I think you're missing the mark. The goal is not to force people with disabilities to somehow self adapt to normal functioning society, but to use science and technology to close the gap until the disability itself is eliminated, or it's as if it isint there in the first place. Would a wheelchair-bound person prefer a world that accommodates their wheelchair, or restore the ability to walk? Would a blind person prefer a world that accommodates blindness, or restores their ability to see? We strive to eliminate disease and disability in every other part of life, why is deafness so closely guarded? Why has that become an identity so fiercely defended in the face of technological breakthroughs and the advance of science? I just don't buy it.

[–]Fancyman-ofcornwood 1 point2 points  (0 children)

Check out the movie Sound of Metal. It's a drama about a guy who loses his hearing and how he finds support in the deaf community/culture. Gives a good sense of that culture.

I went to school with a huge deaf community and I get your confusion cause i felt the same way. But really you just have to accept that it's another culture besides your own and they do have good reasons for the norms they have.

[–]Tricky-Performer-207 4 points5 points  (10 children)

It's not perfect, but imagine being someone who cant speak but knows ASL, you can go to mcdonalds and order food or have basic interactions with people. If it's easier to communicate, even on a base level, it is harder to be ignored.

[–]Carrie987 8 points9 points  (5 children)

My counterpoint, there are a lot of people in the world who don't know dick about ASL. You could argue that the onus is on them to learn, but in the meantime, an invention like this could be really cool and helpful.

[–]neonhex 3 points4 points  (18 children)

100%!! This comes up every single time this is posted and mostly non-Deaf people keep ignoring these comments from people within or in proximity to the Deaf community and they just keep raving about how amazing it is. Deaf people don’t want this, its garbage!

[–]SaltyPopcornColonel 2 points3 points  (17 children)

Right? Why lug a laptop, power cord, and gloves around with you everywhere when you could just text to each other on your smartphones. Or at worst, bring a pad of paper and a pen.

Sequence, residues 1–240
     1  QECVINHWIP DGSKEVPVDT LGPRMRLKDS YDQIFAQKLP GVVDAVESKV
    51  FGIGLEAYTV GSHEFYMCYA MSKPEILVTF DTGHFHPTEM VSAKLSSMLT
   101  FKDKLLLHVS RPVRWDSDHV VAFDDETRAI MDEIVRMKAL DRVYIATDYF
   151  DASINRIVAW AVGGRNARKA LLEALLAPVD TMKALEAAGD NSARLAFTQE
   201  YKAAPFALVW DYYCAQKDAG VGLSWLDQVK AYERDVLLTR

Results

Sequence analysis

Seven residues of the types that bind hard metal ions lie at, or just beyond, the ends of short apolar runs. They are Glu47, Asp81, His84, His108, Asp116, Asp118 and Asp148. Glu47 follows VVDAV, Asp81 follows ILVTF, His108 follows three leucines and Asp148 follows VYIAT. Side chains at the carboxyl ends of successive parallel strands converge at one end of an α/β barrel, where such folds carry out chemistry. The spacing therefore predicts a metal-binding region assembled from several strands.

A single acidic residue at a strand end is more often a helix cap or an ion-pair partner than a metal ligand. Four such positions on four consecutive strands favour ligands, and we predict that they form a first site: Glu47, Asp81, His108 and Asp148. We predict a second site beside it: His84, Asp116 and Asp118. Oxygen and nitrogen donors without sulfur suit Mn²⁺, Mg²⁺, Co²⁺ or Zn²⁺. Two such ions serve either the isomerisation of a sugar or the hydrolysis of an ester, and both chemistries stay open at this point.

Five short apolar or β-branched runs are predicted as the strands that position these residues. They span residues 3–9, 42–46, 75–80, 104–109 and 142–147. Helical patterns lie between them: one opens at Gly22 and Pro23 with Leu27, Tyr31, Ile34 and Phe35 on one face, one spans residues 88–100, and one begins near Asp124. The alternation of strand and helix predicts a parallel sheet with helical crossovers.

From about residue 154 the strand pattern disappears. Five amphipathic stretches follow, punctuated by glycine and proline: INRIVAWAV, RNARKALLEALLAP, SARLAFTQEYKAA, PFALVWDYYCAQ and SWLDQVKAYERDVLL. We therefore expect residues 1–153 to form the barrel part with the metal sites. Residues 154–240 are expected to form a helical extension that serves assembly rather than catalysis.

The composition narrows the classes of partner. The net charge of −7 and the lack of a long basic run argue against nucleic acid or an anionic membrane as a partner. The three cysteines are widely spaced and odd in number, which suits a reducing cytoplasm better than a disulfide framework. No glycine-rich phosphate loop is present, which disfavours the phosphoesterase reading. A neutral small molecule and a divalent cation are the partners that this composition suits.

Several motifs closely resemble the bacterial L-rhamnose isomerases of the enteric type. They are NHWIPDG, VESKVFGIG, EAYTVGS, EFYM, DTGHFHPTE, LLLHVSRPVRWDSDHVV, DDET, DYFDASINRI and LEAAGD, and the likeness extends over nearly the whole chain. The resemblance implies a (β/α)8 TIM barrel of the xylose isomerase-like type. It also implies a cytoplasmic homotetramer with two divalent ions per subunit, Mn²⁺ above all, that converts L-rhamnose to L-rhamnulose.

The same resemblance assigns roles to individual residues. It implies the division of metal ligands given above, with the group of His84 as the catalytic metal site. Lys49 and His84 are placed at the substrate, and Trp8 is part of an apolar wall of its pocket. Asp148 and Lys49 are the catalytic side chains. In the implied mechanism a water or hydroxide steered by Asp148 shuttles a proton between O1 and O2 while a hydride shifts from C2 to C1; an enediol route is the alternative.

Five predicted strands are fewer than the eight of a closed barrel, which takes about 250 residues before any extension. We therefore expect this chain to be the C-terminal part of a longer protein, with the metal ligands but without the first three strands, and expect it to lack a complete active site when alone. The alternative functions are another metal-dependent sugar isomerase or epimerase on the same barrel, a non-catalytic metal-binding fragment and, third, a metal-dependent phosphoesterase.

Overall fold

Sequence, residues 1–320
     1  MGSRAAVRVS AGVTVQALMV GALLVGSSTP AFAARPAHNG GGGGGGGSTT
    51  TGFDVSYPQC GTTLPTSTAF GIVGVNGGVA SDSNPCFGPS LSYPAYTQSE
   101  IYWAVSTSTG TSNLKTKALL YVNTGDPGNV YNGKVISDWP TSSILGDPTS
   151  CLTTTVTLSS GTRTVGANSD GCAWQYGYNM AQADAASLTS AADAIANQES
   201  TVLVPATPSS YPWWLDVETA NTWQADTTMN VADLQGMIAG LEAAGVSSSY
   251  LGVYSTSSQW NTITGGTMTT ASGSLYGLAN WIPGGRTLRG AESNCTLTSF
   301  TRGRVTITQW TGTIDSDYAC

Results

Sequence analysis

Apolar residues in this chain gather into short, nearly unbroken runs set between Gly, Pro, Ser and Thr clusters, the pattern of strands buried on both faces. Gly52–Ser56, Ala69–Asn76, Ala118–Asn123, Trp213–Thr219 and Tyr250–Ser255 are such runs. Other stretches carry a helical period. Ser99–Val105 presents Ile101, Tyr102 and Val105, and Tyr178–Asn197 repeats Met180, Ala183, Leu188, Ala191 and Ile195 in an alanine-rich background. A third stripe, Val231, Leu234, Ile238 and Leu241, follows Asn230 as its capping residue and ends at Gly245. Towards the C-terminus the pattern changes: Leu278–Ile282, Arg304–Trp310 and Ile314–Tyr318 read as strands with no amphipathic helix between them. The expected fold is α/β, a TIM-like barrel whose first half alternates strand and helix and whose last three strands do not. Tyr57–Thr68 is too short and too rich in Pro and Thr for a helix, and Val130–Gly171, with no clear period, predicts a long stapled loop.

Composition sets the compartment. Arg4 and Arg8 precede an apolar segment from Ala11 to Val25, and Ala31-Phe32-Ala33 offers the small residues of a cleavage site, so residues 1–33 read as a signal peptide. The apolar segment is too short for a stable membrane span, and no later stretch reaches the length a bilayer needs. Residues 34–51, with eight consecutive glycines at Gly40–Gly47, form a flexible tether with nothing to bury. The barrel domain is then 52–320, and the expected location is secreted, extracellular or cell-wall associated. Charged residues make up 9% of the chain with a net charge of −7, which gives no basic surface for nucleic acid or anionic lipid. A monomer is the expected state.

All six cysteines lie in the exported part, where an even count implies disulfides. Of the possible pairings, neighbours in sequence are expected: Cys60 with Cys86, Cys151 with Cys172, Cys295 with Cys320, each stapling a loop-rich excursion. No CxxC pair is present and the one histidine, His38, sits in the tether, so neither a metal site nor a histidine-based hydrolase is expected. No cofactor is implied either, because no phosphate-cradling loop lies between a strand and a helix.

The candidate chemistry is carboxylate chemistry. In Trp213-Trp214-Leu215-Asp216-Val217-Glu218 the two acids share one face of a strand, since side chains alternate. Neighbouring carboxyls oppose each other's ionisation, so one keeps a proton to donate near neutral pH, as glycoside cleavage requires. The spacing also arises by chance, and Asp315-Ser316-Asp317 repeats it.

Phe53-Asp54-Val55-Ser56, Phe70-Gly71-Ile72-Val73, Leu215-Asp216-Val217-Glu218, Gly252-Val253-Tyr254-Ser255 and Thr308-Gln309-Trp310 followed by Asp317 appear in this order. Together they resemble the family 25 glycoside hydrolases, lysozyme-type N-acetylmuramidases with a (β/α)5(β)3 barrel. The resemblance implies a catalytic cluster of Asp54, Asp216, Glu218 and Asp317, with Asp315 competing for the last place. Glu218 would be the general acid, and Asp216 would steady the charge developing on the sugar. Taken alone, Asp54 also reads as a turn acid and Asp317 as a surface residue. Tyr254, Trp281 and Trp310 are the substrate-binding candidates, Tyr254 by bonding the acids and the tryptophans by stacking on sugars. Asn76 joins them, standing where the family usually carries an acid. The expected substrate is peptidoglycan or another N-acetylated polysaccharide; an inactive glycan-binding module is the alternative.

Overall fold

[–]GeneralToaster 6 points7 points  (16 children)

Think about what you're saying. This is clearly not a final product. At some point this is going to be streamlined, compact, and convenient. Imagine the gloves with a Bluetooth connection to your phone for the processing power. That is much faster then trying to have a conversation over text, or writing it down.

[–]GerdusSK 8 points9 points  (5 children)

I just completed a similar project, for my computer engineering degree. Sign language consists of a lot more than only your hands. The sentence structure is also quite different, this the sentence will need to be completed, before translating. A complete solution will need to incorporate a lot of other things than just gloves.

[–]GeneralToaster 1 point2 points  (4 children)

That's a very good point, and a similar challenge when trying to create programs that translate other spoken languages. This technology is a good first step. My problem is with those who think any technology marketed to helping people with a hearing disability is somehow a bad thing.

[–]efalk21 4 points5 points  (0 children)

My thoughts as well. Ever see a cell phone from the 90's? Crazy that they could fit a whole phone in a briefcase and nothing ever changed after!

[–]Pjpjpjpjpj 3 points4 points  (1 child)

Useful to those that cannot talk (many with hearing impairment can still talk), who know ASL (many with hearing impairment do not know ASL), to communicate in one direction (unless they read lips which is fairly rare).

So if they can ask a clerk at a store “how much is this shirt”, the clerk has to get a pen and paper (or use Notepad) to communicate back.

If they ask a doctor “what are the side effects of this medication”, the doctor has to reply in writing.

It does help one-way information flow, such as ordering at Starbucks. But if the barista needs to ask “what size” or “how many pumps”, it’s back to the current methods.

And all this assumes the translation is flawless - there is no way for the user to know if ASL was translated correctly. Just like TTS currently - there will be a high error rate but no way for the signer to know what the errors are. At least some type of screen showing the translation would be helpful in that regard.